Angela Merkel is finally bidding farewell to the office of German chancellor after 16 years in the top job.
Although she will remain in office on an interim basis until the next chancellor is confirmed, Thursday evening will see her attend a military tattoo in her honour.
The so-called "Großer Zapfenstreich" is the highest military ceremony in Germany and comes complete with a torchlight procession, soldiers performing music and marching with clockwork precision.
Like her predecessors, Merkel has been allowed to request three songs for the military marching band to play.
Two are unlikely to raise eyebrows: The 18th-century Christian hymn "Großer Gott, wir loben dich" ("Holy God, We Praise Thy Name") — likely a nod to her political party's Christian roots and her upbringing with a Protestant pastor for a father.
The other is the popular song by German singer Hildegard Knef "Für mich, soll's rote Rosen regnen" ("It should rain red roses for me"). It's a wistful tune about teenage dreams and ambition, with lyrics such as "I want all or nothing."
Anthem by punk legend Nina Hagen
Yet one song chosen by the chancellor may come as a surprise to many — the 1974 East German hit sung by punk rocker Nina Hagen, "Du hast den Farbfilm vergessen" ("You forgot the color film").
An iconoclastic pop star back in the German Democratic Republic, Nina Hagen became the punk icon of West Germany after the fall of the Berlin Wall.
It's a unique selection, not least because Merkel has rarely referred to her East German upbringing in Templin, a town in the region of Brandenburg in the former East. During her youth she listened to the song in which Hagen sings an angry lament to her boyfriend for only taking black and white film on a vacation.
It was such a hit at the time that many who lived in the former East still remember the lyrics, especially the famous line: "No one will believe how beautiful it was here."
Although it was not censored by the government, the song was widely understood as a criticism of the dark and drab German Democratic Republic, where color film was a rare commodity.
The choice could finally see Merkel revealing her "Ostalgie" — nostalgia for East Germany. Or perhaps the chancellor was showing her humorous side.
In fact, around 30 years ago, Angela Merkel, then federal minister for women and youth, met Nina Hagen on a TV talk show. During a discussion about drug addiction, Hagen blew up at her on camera: "I'm fed up with your lying, with your hypocrisy" she said. Merkel has likely since forgiven her.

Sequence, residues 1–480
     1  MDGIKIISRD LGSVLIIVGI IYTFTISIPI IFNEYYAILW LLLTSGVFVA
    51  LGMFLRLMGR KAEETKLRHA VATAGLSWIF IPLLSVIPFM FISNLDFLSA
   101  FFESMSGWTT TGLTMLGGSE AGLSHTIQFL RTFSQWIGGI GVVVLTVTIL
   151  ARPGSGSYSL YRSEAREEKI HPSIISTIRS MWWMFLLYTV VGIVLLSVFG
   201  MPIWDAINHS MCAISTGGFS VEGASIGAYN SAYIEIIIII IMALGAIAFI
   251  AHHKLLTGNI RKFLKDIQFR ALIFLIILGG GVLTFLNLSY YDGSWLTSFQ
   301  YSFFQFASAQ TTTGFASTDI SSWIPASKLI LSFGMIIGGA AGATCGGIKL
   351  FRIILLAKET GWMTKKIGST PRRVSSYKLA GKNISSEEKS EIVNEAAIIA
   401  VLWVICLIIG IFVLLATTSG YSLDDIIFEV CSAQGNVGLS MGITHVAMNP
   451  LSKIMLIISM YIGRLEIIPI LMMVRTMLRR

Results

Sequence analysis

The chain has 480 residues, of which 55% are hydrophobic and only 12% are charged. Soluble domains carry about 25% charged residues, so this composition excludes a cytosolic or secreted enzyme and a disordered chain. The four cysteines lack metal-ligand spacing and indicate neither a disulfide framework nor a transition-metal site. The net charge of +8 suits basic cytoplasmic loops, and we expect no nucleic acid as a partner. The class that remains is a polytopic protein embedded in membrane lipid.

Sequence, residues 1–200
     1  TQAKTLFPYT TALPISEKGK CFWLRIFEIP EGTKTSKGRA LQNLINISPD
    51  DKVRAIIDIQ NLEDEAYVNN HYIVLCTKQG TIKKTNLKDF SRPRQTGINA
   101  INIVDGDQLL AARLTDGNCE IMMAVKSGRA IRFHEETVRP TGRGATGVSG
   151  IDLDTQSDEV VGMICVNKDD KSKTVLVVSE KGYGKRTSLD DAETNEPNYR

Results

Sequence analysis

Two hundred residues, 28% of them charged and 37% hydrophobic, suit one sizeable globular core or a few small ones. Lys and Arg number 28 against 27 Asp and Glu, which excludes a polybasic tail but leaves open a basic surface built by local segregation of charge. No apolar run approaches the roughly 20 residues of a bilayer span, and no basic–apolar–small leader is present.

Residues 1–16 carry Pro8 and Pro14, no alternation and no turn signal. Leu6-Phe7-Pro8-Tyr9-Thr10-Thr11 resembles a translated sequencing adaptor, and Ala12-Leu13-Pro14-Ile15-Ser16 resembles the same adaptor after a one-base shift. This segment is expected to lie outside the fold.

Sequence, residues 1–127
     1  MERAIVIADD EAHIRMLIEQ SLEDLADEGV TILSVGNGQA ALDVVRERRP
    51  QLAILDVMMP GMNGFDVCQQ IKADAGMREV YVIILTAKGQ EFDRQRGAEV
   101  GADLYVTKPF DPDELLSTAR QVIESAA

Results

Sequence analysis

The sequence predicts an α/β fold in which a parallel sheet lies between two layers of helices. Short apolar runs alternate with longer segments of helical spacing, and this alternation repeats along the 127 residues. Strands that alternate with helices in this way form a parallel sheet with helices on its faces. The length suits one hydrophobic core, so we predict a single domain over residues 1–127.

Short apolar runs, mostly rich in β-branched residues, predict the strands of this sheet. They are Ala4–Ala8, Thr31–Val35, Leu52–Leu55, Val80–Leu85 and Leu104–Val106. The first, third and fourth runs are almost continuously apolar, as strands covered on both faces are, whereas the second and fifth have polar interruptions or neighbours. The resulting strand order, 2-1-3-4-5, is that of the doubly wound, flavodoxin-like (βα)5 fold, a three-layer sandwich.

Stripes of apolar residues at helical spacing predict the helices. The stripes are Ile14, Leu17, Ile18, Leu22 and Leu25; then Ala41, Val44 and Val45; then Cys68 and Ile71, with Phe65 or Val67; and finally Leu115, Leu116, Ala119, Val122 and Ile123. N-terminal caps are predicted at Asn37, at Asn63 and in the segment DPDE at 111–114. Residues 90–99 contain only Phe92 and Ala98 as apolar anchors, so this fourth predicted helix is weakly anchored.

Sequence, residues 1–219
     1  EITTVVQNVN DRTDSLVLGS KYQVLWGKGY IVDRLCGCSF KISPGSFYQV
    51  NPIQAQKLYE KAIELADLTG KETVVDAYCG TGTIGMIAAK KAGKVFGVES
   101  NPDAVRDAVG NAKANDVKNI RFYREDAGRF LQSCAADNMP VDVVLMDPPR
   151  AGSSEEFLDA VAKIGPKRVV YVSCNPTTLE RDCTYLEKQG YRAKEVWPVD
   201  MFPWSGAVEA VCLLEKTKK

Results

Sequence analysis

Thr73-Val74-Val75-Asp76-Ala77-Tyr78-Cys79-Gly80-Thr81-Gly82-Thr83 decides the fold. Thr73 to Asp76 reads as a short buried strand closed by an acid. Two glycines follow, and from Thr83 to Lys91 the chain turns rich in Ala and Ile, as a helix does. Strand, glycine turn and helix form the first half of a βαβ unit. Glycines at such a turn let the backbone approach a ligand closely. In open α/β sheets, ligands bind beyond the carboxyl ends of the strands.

A military farewell with a long history
Bidding farewell to German chancellors, presidents and defense ministers with a military tattoo is a tradition dating back to the 16th century. Back then the ceremony in military camps was marked by much drinking and gambling.
A routine had to be introduced to signal the end of the festivities: An officer or sergeant, accompanied by a drummer and a piper, walked through the camp and struck the taps of alcohol barrels with his saber or baton, meaning no more beer, schnapps or wine could be served. Those who did not comply were subject to severe punishment.
Down the years, the "Zapfenstreich" has developed into the ceremony it is today. However, some see it as an inappropriate adherence to symbolism that dates back to darker times.
For example, when German soldiers returning from Afghanistan this year were met by a torchlight military procession featuring hundreds of steel helmets gleaming in front of the Reichstag, some critics said it reminded them of Nazi marches.
Playlists of the past
In recent decades. the music requests have lightened up the ceremony. Former Defense Minister Thomas de Maiziere, for example, had 1985 euro dance hit "Life is Life" by the band Opus on his playlist — a song popular with German vacationers in the party hotspots of Mallorca.
When President Christian Wulff had to resign from his office after just 20 months following a scandal, he was met with the jarring sound of vuvuzelas played by spectators venting their displeasure. The Bundeswehr orchestra bravely played "Somewhere Over The Rainbow" in an attempt to drown out the noise.
Former Chancellor Gerhard Schröder challenged the orchestra with the 1920s ballad "Mack the Knife" from Bertolt Brecht and Kurt Weill's "The Threepenny Opera," and George Gershwin's "Summertime." Schröder was also ridiculed for his choice of the languorous Sinatra classic, "My Way".
Yet one song seems to be a favorite among outgoing politicians: The anthem "Ode to Joy" by Ludwig van Beethoven. It's been requested three times, including by former German Defense Minister and current President of the European Commission, Ursula von der Leyen.
Hopes for the future
The closing lyrics of Hildegard Knef's "It should rain red roses for me," chosen by Angela Merkel for this week's farewell ceremony, perhaps indicate something of the chancellor's hopes for the future: "I should submit, be content … I still want to win; want all or nothing."
Angela Merkel will retire from politics when she leaves office. But, if the song's lyrics are any clue, it's far from the end of the 67-year-old's journey.
This article was translated from German.